any other failure (excepting network partition)
    should be transparent to endpoints
  • Decision maintain state only at end-points
    (fate-sharing)
  • Eliminate the problem of handling state
    inconsistency and performing state restoration
    when router fails
  • Internet stateless network architecture

23
2. Types of Services
  • Add UDP to TCP to better support other types of
    applications
  • e.g., real-time applications
  • This was arguably the main reasons for separating
    TCP and IP
  • Provide datagram abstraction lower common
    denominator on which other services can be built
  • service differentiation was considered (remember
    ToS?), but this has never happened on the large
    scale (Why?)

24
3. Variety of Networks
  • Very successful (why?)
  • Because the minimalist service it requires from
    underlying network only to deliver a packet with
    a reasonable probability of success
  • does not require
  • Reliability
  • In-order delivery
  • The mantra IP over everything
  • Then ARPANET, X.25, DARPA satellite network..
  • Now ATM, SONET, WDM

25
Other Goals
  • Allow distributed management
  • Remember that IP interconnects networks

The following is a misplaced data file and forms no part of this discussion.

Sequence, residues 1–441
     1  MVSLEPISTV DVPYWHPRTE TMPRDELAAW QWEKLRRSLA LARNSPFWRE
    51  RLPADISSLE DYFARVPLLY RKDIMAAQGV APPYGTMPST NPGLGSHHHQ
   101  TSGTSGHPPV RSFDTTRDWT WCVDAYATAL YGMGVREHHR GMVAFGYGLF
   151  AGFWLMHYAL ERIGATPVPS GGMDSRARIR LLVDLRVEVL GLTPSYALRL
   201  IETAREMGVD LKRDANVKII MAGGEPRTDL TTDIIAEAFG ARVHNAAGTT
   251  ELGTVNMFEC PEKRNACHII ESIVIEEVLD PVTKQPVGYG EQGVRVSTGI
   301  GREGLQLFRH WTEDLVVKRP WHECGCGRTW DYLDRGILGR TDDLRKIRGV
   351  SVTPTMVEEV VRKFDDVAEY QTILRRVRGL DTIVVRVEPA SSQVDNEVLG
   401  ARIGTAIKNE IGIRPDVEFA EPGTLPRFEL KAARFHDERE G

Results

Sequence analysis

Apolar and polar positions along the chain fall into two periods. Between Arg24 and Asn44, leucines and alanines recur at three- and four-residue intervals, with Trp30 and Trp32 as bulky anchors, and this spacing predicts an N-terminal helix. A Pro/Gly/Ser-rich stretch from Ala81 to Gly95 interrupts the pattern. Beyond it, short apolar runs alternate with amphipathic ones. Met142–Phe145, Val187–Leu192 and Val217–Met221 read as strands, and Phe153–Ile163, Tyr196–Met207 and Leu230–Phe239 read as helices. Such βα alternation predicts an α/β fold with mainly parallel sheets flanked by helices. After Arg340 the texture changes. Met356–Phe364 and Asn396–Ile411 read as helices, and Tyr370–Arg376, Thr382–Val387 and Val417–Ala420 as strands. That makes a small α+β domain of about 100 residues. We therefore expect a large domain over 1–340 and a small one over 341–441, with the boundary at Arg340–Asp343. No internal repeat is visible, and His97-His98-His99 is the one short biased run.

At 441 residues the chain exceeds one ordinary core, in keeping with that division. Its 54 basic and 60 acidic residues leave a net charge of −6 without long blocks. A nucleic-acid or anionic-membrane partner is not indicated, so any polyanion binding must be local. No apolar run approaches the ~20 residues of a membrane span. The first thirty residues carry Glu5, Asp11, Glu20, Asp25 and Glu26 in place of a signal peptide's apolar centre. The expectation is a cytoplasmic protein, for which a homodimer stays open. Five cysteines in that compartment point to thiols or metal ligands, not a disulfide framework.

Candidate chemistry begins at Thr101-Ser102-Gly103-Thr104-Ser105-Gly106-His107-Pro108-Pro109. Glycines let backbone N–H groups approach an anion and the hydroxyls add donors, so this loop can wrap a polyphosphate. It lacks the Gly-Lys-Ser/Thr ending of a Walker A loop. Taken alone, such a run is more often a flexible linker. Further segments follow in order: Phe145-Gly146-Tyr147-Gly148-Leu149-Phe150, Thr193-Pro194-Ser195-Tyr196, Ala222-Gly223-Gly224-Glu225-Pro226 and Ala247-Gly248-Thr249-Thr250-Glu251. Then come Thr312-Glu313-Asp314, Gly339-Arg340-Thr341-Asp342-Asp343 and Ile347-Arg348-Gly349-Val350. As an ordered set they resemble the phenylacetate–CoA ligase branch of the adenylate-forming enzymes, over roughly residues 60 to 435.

• Each network can be managed by a different
    organization
  • Different organizations need to interact only at
    the boundaries
  • but this model doesnt work well for routing
  • Cost effective
  • Sources of inefficiency
  • Header overhead
  • Retransmissions
  • Routing
  • but routers relatively simply to implement
    (especially software side)

26
Other Goals (Cont)
  • Low cost of attaching a new host
  • Not a strong point ? higher than other
    architecture because the intelligence is in hosts
    (e.g., telephone vs. computer)
  • Bad implementations or malicious users can
    produce considerably harm (remember
    fate-sharing?)
  • Accountability
  • Very little so far

27
What About the Future?
  • Datagram not the best abstraction for
  • resource management,accountability, QoS
  • A new abstraction flow?
  • Routers require to maintain per-flow state (what
    is the main problem with this raised by Clark?)
  • State management
  • Solution
  • Soft-state end-hosts responsible to maintain the
    state

28
Summary Internet Architecture
  • Packet-switched datagram network
  • IP is the glue
  • Hourglass architecture
  • All hosts and routers run IP
  • Stateless architecture
  • No per flow state inside network

TCP
UDP
IP
Satellite
ATM
Ethernet
29
Summary Minimalist Approach
  • Dumb network
  • IP provide minimal functionalities to support
    connectivity
  • Addressing, forwarding, routing
  • Smart end system
  • Transport layer or application performs more
    sophisticated functionalities
  • Flow control, error control, congestion control
  • Advantages
  • Accommodate heterogeneous technologies (Ethernet,
    modem, satellite, wireless)
  • Support diverse applications (telnet, ftp, Web, X
    windows)
  • Decentralized network administration